" /> Poetry Archives - Naomi Foyle
Cover of Adamantine: a young woman holding an hourglass

  Adamantine [adjective] 1. Made of adamant, or having the qualities of adamant; incapable of being broken, dissolved or penetrated.2. Like the diamond in hardness or lustre3. My third poetry collection! Welcome to the first round of celebrations of the publication of Adamantine (Red Hen/Pighog Press, Pasadena), which was published July 11th in the US/Canada and is forthcoming December 11th in the UK. Containing tributes to an international range of artists and activists, and a lyric sequence responding to my breast cancer treatment, the book honours women’s tenacity and lustre. While the book is not an eco-poetry collection, whether by serendipity or occult foresight, the image of the hourglass is a motif in the poems and cover image; and in its internationalist scope Adamantine is offered in the spirit of global solidarity that Extinction Rebellion has helped ignite this year – a grassroots uprising which may yet save us and our precious…

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  September sings, but the chords of summer echo on, not least of my visit to the Occupied Palestinian Territories in late July for readings from A Blade of Grass: New Palestinian Poetry, the bilingual anthology I edited last year for Smokestack Books. Travelling with Rachel Searle, the Director of BlakeFest (Bognor Regis) – for whom I am consulting on the Building Jerusalem event in this year’s festival – Palestinian-American poet Farid S. Bitar, and performance artist/historian Catherine Charrett, I chaired two poetry events in East Jerusalem and Ramallah; visited with Jewish peace activists in Haifa; and, in the Occupied Galilee, met with poet and political prisoner Dareen Tatour on the eve of her sentencing. Rachel and I returned home sobered by the manifold injustices we had witnessed, but also inspired to ‘see the world in a blade of grass’, and motivated to continue creating poetic bridges between Palestine and…

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A Blade of Grass with a bouquet of flowers

It’s here! And it’s a beaut: bursting with sharp, fresh and tender poems, and well and truly launched at a sell-out event on Thursday Nov 16th at P21 Gallery in London, a contemporary arts centre dedicated to the promotion of Arab culture. Thank you to the gallery for hosting us, to the University of Chichester for promoting the event with a press release to national media and a banner article on their website, to Andy Croft of Smokestack Books for training it down from Yorkshire for the gig, and most especially to poets Mustafa Abu Sneineh and Farid Bitar – who journeyed from New York City especially for the event – and translators Katharine Halls and Waleed Al-Bazoon for their depth-charged readings from A Blade of Grass: New Palestinian Poetry.  Thank you also to everyone who came and made the launch such an uplifting occasion. While I was thrilled to…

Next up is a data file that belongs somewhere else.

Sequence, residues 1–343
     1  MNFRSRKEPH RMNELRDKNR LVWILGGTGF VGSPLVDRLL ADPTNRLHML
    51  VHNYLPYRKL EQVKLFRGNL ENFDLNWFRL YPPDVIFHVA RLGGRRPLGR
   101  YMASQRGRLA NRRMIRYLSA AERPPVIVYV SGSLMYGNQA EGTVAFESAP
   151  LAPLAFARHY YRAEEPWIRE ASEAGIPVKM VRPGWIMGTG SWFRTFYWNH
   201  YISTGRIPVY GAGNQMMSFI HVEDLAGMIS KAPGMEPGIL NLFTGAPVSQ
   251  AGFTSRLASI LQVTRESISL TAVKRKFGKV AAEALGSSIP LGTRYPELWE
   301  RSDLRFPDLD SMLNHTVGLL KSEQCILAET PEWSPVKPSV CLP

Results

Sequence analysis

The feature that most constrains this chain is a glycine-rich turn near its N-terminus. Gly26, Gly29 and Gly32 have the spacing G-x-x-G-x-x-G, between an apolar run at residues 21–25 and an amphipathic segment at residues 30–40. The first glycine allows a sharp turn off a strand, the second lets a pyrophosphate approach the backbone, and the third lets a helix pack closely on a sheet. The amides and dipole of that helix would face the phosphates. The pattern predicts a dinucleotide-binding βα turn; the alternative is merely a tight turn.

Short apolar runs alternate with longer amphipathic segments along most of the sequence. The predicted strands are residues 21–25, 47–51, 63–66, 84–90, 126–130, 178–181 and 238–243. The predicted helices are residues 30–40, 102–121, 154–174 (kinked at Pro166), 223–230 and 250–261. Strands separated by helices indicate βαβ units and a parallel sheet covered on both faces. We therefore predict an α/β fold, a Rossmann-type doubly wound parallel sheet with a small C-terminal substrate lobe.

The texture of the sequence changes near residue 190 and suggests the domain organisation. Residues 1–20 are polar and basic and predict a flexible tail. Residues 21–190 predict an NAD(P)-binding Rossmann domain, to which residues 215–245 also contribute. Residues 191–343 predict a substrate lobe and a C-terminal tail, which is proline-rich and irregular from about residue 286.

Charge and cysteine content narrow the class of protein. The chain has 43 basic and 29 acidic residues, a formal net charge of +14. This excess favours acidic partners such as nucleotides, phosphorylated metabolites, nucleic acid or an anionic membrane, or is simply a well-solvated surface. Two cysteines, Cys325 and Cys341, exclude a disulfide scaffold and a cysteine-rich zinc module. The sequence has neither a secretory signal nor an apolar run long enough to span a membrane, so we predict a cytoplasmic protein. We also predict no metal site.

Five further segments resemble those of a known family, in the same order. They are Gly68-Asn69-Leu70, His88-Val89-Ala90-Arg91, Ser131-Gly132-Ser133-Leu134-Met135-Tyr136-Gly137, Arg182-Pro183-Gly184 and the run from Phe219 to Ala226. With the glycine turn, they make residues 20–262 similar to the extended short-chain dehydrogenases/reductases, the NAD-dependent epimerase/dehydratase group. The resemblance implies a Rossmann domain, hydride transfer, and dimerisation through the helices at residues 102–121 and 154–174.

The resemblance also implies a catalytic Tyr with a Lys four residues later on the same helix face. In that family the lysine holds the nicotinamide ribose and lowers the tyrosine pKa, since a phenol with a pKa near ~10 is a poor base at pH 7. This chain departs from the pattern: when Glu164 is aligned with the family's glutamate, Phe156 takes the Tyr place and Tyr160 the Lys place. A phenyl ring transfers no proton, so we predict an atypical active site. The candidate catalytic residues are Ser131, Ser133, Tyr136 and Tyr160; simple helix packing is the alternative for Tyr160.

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  In my role as Associate Editor at Waterloo Press, I was honoured this year to help publish a book of profoundly moving poems, Disappearance without absence/Desapariencia no engaña, by Néstor Ponce, exquisitely translated by Max Ubelaker Andrade. Written in honour of the ‘disappeared’, the book is a testament to those thousands of individuals targeted for death and erasure by Argentina’s military junta (1976-1983). Now on the shelf of every school and library in Argentina, its publication is part of an ongoing process of national and international remembering, mourning and justice-seeking. Thanks to the Sur Programme of the Argentine government, Waterloo Press is proud to enable English-speaking readers to share in this vital witnessing. I am also very grateful to Elspeth Broady, a family friend and the Secretary of the Brighton and Hove Freedom From Torture Supporters Group, for offering to co-host the book’s Brighton launch in the Chapel Royal on…

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The front cover of No Enemy but Time

Being cured of cancer last year gave me a powerful sense of priorities. It seems that keeping up with this blog wasn’t one of them . . . Instead, in between a short course of radiotherapy and an unexpected return to hospital to treat a broken ankle (!), I’ve thrown myself into book production mode. Currently I’m finishing the final volume of The Gaia Chronicles for Jo Fletcher Books and editing an anthology of Palestinian poetry in translation for Smokestack Books, both of which will appear at the end of the year. In the spring I spent six weeks editing two collections for Waterloo Press, Disappearance without absence/Desapariencia no engaña by the Argentine poet Néstor Ponce, translated by Max Ubelaker Andrade, and Gratitude on the Coast of Death, David Swann’s long-awaited second collection, which were published along with No Enemy but Time, my new pamphlet which I launched at the Belfast Book Festival…